Farm Environment Plans (FEPs) are now recognised in legislation as a way for growers to assess their environmental risks, act where required and demonstrate progress on environmental objectives.
The minister has rejected comments from the Horizons Regional Council suggesting research commissioned by the Ministry for Primary Industries is inaccurate.
"In our experience, MPI doesn't make a habit of buying inaccurate research," HortNZ chief executive Peter Silcock (pictured) says.
"If their report says there is the potential for farming profits to drop by up to 43% thanks to the conditions applied by Horizons and the Environment Court, then that's exactly what the potential is.
"The growers HortNZ represents, right up and down New Zealand, are very, very worried by the Horizons One Plan, and we will continue to argue their case as long as we can.
"Thankfully the Minister appears to support our efforts and that will give great heart to all our growers.
"Just yesterday, with the release of the third and final report from the Land and Water Forum, we had many, many groups that don't make a habit of agreeing with each other urging the Government to push on with a ground-breaking opportunity to bring in a new wide-ranging fresh water management approach.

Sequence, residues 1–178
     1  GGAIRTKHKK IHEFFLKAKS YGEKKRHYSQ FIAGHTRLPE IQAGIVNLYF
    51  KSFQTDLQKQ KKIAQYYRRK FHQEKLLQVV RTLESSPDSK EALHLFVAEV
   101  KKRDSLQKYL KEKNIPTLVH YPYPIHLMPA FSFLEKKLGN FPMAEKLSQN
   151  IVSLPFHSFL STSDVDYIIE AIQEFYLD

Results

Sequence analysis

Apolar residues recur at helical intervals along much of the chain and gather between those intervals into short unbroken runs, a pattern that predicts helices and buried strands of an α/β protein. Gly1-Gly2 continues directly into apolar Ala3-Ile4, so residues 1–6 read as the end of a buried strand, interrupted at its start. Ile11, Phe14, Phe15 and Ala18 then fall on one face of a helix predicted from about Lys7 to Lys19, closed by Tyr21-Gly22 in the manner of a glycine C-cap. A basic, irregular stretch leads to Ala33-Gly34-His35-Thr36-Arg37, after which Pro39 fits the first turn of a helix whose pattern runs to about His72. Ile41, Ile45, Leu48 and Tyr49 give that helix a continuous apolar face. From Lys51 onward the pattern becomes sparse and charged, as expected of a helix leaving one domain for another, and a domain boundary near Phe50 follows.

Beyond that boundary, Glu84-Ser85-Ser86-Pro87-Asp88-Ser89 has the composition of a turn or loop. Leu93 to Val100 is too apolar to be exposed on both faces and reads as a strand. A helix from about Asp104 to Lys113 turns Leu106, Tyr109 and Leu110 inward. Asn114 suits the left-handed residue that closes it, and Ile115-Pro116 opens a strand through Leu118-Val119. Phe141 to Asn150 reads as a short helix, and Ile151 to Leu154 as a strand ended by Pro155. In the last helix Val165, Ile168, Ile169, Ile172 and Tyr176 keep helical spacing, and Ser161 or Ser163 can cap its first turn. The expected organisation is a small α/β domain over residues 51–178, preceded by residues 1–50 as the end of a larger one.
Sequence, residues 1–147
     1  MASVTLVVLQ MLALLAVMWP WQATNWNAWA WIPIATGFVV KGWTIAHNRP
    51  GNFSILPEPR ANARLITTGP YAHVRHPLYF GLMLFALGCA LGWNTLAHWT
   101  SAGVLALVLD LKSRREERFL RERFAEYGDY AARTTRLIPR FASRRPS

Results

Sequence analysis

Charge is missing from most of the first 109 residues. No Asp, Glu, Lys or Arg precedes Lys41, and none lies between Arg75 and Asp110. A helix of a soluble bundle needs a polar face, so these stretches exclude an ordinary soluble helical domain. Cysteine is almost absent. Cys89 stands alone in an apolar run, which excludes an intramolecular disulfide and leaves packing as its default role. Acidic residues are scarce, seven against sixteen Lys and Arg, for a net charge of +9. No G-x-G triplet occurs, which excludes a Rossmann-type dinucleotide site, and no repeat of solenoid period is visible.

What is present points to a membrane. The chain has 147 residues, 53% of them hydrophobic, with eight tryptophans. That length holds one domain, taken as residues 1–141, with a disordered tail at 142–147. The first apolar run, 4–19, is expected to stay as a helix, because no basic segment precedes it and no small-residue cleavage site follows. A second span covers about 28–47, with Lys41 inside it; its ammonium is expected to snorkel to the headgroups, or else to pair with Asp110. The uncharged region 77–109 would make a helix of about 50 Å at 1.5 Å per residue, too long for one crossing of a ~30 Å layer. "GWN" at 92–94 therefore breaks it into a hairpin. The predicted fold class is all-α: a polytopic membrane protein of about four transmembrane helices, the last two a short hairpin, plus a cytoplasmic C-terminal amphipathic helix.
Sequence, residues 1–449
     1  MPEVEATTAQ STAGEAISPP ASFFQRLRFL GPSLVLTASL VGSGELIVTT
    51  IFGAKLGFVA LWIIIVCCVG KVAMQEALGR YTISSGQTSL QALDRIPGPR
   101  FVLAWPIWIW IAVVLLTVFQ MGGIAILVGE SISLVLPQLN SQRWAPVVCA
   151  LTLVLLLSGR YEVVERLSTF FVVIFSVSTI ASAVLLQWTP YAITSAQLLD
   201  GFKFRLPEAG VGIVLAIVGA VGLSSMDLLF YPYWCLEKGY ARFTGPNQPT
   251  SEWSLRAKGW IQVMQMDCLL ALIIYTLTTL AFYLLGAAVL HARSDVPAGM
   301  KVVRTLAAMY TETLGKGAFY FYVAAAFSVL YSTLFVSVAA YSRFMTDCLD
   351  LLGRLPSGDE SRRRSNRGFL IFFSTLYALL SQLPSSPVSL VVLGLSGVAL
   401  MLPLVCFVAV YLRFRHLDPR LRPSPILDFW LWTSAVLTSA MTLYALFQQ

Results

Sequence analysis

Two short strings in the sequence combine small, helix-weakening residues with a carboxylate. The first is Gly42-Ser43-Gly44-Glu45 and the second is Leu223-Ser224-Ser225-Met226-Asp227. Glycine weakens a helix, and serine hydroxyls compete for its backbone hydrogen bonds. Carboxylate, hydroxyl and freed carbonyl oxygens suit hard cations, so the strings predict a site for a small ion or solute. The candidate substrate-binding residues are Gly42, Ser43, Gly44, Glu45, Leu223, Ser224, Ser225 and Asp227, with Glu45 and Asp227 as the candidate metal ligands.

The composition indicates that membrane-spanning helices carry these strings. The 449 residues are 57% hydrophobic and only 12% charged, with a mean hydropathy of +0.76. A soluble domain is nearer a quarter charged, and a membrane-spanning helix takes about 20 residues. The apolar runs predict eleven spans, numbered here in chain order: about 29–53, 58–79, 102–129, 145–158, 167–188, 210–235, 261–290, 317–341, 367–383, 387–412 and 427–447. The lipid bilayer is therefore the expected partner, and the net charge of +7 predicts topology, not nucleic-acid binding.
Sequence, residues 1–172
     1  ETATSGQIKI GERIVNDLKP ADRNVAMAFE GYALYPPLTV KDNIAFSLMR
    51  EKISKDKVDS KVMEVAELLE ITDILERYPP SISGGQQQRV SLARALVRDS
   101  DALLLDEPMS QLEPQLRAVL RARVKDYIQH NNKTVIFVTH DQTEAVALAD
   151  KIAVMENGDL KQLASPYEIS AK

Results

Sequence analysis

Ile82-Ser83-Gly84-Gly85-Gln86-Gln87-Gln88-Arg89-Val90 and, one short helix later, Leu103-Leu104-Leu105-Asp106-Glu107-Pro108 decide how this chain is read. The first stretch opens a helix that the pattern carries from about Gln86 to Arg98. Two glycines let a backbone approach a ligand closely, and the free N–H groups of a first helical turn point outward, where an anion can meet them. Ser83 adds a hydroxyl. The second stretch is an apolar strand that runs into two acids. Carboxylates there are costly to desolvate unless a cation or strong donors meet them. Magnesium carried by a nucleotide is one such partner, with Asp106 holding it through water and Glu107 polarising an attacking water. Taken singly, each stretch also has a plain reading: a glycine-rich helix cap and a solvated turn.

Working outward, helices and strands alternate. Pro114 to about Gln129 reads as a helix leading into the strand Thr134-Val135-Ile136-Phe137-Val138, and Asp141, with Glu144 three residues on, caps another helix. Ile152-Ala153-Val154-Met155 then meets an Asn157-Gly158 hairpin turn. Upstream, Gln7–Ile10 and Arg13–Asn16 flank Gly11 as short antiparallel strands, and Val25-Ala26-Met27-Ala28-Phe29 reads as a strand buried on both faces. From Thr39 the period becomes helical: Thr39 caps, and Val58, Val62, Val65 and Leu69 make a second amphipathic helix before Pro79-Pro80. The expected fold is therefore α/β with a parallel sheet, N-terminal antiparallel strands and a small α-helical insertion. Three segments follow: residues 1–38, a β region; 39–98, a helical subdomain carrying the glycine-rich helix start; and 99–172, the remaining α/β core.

"What a shame this attitude couldn't quite reach to the Horizons region," Silcock says.
As some of the first and worst affected farmers by the Horizons One Plan, the Tararua Growers Association adds its strong support to the Minister's comments.
"The Horizons chairman can tell growers and farmers to remain calm, but it's impossible for us to stay calm when our businesses are under such a threat," says Terry Olsen, potato grower and TGA chairman.
"As the MPI report correctly shows, our growers face up to a 43% drop in profit because of the One Plan. That will mean many growers will go out of business, jobs will be lost throughout the Manawatu, and inevitably people everywhere will be paying a lot more for their vegetables.
"That's nothing to be calm about."